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Any Major Murder Songs Vol. 2

October 24th, 2019 Leave a comment Go to comments

 

Just in time for Halloween, here’s another mix of murder songs to provide you with holiday-appropriate chills.

Some of these are truly scary. Some of our killers here have serious mental conditions, such as the protagonists in the songs by Warren Zevon and Hall & Oates. In Zevon’s song, the target of the singer’s wrath are the entitled family members who make excuses for their murderous rapist spawn. The Hall & Oates track (in which the duo recalls one of their older hits) is a bit disturbing as our dark anti-hero is into music you or I might listen to.

The darkness of mental disease is captured well in sound in the Wilco song’s distortions. The track was recorded live in Chicago. It’s about a guy dreaming of committing a murder in that city, and coming to the city to make his dreams come true. When Jeff Tweedy sings the name Chicago, the crowd cheers. Audience members: you really don’t want the protagonist of that sing in your city!

Most of our murders here are crimes of passion, with the victim being either a cheating partner, or the person with whom the cheating was committed (including Loretta Lynn, who in the Jack White-produced song will hang for her murder).

However, Rod Stewart uses a murder to deal with homophobia at a time when that was not really a mainstream issue. Think what you will of Rod, but plaudits are due for that song.

Of all our killers here, there’s one we can sort of support, Woody Guthrie’s Pretty Boy Floy, who gunned down an especially unpleasant deputy sheriff (I like to imagine a law enforcer of the Mississippi Burning variety).

On the other end of the spectrum, there’s the troubling case of a father pushing his daughter down the well in the Violent Femmes song.

Neil Young is running a theme as old as song itself — the crime of passion; the wronged husband avenging his honour. But this being 1969, and musicians of Young’s ilk more interested in laying down guitar jams than producing lucid lyrics, we must figure out ourselves the circumstances leading to the murder, which the narrator at least admits to: “Down by the river, I shot my baby. Down by the river…Dead, oh, shot her dead.” The rest is just crazy hippie talk about rainbows. So, obviously, youngologists believe the song is about heroin. Which, by Young’s own account, it isn’t.

But of all these songs, Porter Wagoner’s song is the most spine-chilling. It has a real horror-movie vibe. In fact, the only thing that will lift the chill is to look at a picture of Porter in full ludicrous country music regalia. Or it might make things worse…

Again, to be very clear, this mix does not promote, endorse or celebrate murder. Don’t kill, kids.

As ever, the mix is timed to fit on a standard CD-R and includes home-first48hoursed covers. PW the same as always.

1. Warren Zevon – Excitable Boy (1978)
The Vic: Suzie from the Junior Prom

2. Tim Rose – Hey Joe (1967)
The Vic: Joe’s “old lady”

3. Nina Simone – Ballad of Hollis Brown (1965)
The Vic: Hollis’ family

4. Fleetwood Mac – Blood On The Floor (1970)
The Vic: The “darling” of the guy about to hang

5. Porter Wagoner – The First Mrs Jones (1967)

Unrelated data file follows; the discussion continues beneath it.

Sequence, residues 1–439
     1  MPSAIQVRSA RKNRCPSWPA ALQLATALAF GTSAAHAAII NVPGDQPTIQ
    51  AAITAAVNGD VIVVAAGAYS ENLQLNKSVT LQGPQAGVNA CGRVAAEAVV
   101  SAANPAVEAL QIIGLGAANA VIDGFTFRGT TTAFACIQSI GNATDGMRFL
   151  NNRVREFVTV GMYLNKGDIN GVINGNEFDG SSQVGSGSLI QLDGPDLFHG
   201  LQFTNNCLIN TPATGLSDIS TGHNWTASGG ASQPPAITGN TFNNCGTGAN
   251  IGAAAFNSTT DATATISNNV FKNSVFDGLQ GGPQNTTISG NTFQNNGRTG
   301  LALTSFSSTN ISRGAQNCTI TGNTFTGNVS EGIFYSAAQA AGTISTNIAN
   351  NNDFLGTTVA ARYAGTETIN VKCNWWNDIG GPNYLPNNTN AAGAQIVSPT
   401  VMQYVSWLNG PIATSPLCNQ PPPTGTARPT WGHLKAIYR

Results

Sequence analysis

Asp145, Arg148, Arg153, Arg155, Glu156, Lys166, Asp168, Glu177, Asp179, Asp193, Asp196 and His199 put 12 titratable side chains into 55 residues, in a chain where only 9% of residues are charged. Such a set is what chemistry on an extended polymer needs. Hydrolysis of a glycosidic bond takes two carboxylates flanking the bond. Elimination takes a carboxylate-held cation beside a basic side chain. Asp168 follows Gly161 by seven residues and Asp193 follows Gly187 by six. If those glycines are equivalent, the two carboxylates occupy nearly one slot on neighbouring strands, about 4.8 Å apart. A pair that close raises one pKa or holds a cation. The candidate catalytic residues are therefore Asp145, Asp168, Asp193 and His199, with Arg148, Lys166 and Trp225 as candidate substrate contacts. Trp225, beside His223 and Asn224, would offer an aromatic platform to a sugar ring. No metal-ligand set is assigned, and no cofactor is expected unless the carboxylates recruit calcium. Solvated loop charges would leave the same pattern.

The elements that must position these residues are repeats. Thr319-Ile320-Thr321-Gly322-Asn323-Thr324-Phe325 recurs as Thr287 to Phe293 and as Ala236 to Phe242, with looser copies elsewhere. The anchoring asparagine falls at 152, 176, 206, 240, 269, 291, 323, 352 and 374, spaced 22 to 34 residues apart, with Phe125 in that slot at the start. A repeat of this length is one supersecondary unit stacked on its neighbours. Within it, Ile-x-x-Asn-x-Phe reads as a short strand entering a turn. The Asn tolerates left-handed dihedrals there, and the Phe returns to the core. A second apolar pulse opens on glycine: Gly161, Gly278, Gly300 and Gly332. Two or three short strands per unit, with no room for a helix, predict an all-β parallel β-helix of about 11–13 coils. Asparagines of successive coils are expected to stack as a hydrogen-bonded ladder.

The Vic: Mrs Jones

6. Johnny Cash – Joe Bean (live) (1969)
The Vic: Well, Joe Bean, really. An man hanging for a crime be didn’t commit

7. Loretta Lynn – Women’s Prison (2004)
The Vic: The “darling” of the woman about to hang

8. Wilco – Via Chicago (live) (2005)
The Vic: “You”

9. Violent Femmes – Country Death Song (1984)
The Vic: His daughter, the bastard

10. Robber Barons – Music For A Hanging (2004)
The Vic: A killer who is about to hang

11. Neil Young – Down By The River (1969)
The Vic: Neil’s “baby”, down by the river

12. Fairport Convention – Crazy Man Michael (1969)
The Vic: The “raven”

13. Rod Stewart – The Killing Of Georgie (1976)
The Vic: Georgie

14. Hall & Oates – Diddy Doo Wop (I Hear The Voices) (1980)
The Vic: Random strangers at the subway station

15. Tom Jones – Delilah (1968)
The Vic: Delilah, the two-timer

16. Marty Robbins – Streets Of Laredo (1969)
The Vic: The narrator, a cowboy

17. Lloyd Price – Stagger Lee (1958)
The Vic: Billy, a gambler

18. Little Walter – Boom, Boom, Out Goes The Light (1957)
The Vic: His baby who ain’t his no more

19. Louis Armstrong & Louis Jordan – You Rascal, You (1950)
The Vic: The seducer of his wife

20. Carter Family – John Hardy Was A Desperate Little Man (1929)
The Vic: A man on the West Virginia line

21. Woody Guthrie – Pretty Boy Floyd (1940)
The Vic: A very rude deputy sheriff

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  1. Lynchie
    October 24th, 2019 at 11:56 | #1

    “Memory Making Night” by John & Audrey Wiggins tells how “Ginger worked in a cafe
    Small town in Tennessee, The cook Joe was a little slow…” Basically, Ginger and Joe get together and drive down to the river to make love on those “memory making nights”.
    Then Ginger falls out of love with Joe and Joe goes crazy. The last time they go to the river things don’t go well for Ginger…

    It’s a hard to find track but well worth a listen. Thankfully, some wonderful person posted it on YouTube

    https://www.youtube.com/watch?v=NajeefozT3I

  2. Rhodb
    October 25th, 2019 at 21:47 | #2

    Thanks for the murder songs, some ripping tunes here by very different artists/ genre’s

    Regards

    Rhodb

  3. halfhearteddude
    October 27th, 2019 at 10:16 | #3

    Oh yes. that’ll go on next year’s murder songs mix! Thanks.

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